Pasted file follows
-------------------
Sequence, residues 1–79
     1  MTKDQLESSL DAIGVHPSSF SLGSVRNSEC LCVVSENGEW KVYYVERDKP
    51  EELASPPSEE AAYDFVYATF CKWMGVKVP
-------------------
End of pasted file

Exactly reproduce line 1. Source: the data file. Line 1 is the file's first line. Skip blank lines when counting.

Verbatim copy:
Sequence, residues 1–79